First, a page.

Golden saffron hot cross buns
- A challenge
- April 2014
- Makes 12 buns
- Hands-on time 45 min, proving time 2 hours 30 min, oven time 25 min
Dan Lepard’s tips and tricks will ensure you’re well equipped to make this hot cross bun recipe with ease.
It might seem unreasonable to expect you’d have any leftover from this recipe, but if you do, find out what to do with leftover hot cross buns.
- 10.5g (5.4g saturated)
- 103.2g (44.6g sugars)
- 300ml whole milk
- ¼ tsp powdered saffron or a good pinch saffron threads (see tips)
- 100g cold unsalted butter, cubed
- 50g clear honey (see tips)
- 2 medium free-range eggs (plus 1 extra egg, beaten with a pinch of salt)
- 150ml warm water
- 7g sachet fast- action yeast
- 3 tsp vanilla extract
- 1 tsp orange extract
- 150g dried apricots, chopped
- 175g sultanas
- 175g currants
- 200g chopped mixed peel
- 3 tsp ground mixed spice
- 1 tbsp cornflour
- 2 tsp fine sea salt
- 800g strong white flour, plus extra for dusting
- Vegetable oil for greasing and (optional) kneading
For the crosses
- 150g strong white flour
- Juice ½ lemon
- 150-200ml water
For the spiced glaze
- 50g caster sugar
- 1 tbsp clear honey
- ½ tsp ground mixed spice
- 75ml orange juice
- Baking sheets
- Piping bag
- Pastry brush
- Bring the milk to the boil in a saucepan, then add the saffron. Put the cold cubed butter and 50g honey in a large mixing bowl, pour over the saffron milk and leave for 5 minutes or until the butter melts.
- Add the 2 eggs, warm water, yeast, and vanilla and orange extracts, then whisk to combine. Stir in the dried fruit and mixed peel, then the mixed spice, cornflour and salt. Add the 800g flour, then mix together with your hands to form a soft, sticky dough. If the dough feels firm, add a splash more water. Cover the bowl with lightly oiled cling film, then set aside for 10 minutes.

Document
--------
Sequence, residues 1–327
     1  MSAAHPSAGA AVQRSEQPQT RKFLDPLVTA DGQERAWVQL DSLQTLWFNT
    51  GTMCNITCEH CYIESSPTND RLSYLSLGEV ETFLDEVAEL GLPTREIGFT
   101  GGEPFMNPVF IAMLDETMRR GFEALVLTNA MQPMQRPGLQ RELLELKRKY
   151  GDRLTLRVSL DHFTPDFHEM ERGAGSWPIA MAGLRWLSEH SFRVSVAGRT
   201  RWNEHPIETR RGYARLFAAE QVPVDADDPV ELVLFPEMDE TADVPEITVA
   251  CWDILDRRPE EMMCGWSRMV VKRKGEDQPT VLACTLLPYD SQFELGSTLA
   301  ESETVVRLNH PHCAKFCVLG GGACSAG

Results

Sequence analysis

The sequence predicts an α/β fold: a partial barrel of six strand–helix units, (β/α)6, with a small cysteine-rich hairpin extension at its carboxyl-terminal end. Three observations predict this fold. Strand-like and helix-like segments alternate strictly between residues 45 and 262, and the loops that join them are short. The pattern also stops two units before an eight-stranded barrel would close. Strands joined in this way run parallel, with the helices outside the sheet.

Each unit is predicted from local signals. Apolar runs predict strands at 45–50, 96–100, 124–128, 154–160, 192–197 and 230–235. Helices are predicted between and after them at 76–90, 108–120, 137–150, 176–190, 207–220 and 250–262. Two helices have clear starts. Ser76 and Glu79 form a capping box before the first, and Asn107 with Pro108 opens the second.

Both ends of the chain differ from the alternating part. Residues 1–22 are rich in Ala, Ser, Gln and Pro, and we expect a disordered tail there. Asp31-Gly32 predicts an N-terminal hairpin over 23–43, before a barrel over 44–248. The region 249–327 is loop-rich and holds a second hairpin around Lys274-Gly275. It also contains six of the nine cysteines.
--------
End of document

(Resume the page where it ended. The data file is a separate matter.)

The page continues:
- Lightly oil or flour the worktop, then turn out the dough and give it a quick knead (about 10 seconds). Put it back in the bowl and re-cover with the cling film, then leave in a warm, draft-free place (see Dan’s Tips For Success, below) for 90 minutes. Give it another quick knead halfway through.
- Line a baking sheet with baking paper. Cut the dough into 12 x 180g pieces. Pat each piece flat, pull the edges into the centre to round the shape, then turn over and shape into a smooth ball. Put each bun rough side down on the sheet, then cover and leave to rise somewhere warm and draft-free for 1 hour or until nearly doubled in size. Sit the buns close together but not touching; as they’ll expand as they rise so their edges fit snugly together.
- When the buns are almost ready, heat the oven to 200°C/fan180°C/gas 6. For the crosses, beat the ingredients in a mixing bowl to make a thick but pipeable batter. Leave for 10 minutes, then spoon into a piping bag and set aside.
- Brush the risen buns with the beaten egg and salt mixture, then pipe crosses over the top (see Dan’s tips for success below). Bake for 25 minutes or until golden.
- Meanwhile, put the spiced glaze ingredients in a pan and boil to a thick syrup. Remove the buns from the oven, then brush with the glaze while hot. Cool on wire racks.
Dan’s tips for success:
Moisture: The fruit will plump up and absorb water as the dough rises, so don’t worry if the dough feels quite sticky to begin with.
Warmth: It’s crucial to keep the dough, and later the shaped buns, warm and humid as they rise – the dough loses heat quickly, especially when cut into pieces. If the dough or buns get too cold and dry, the buns will be heavy once baked. I cover the dough/buns with oiled cling film, then a tea towel, then put in a switched off but still warm oven that had been heated to no more than 50°C/fan30°C.
Timing: The baking time seems short, but the buns continue to cook when out of the oven.
The finish: It’s easier to pipe the crosses onto the buns in one long line so you get a smooth result.
Freeze the just-baked, cooled buns in an airtight container between layers of baking paper for up to 3 months. When defrosted they’ll be as good as just-baked.
Buy powdered saffron at saffronline.co.uk or grind it from the threads.
You can leave the dough to rise in the fridge overnight, then bring it to room temperature before shaping it, but the buns won’t be quite as light and fluffy in texture.
This recipe gives a weight for honey rather than a measure such as 2 tbsp. It’s more accurate and less messy (especially if you have scales that can be reset to zero).
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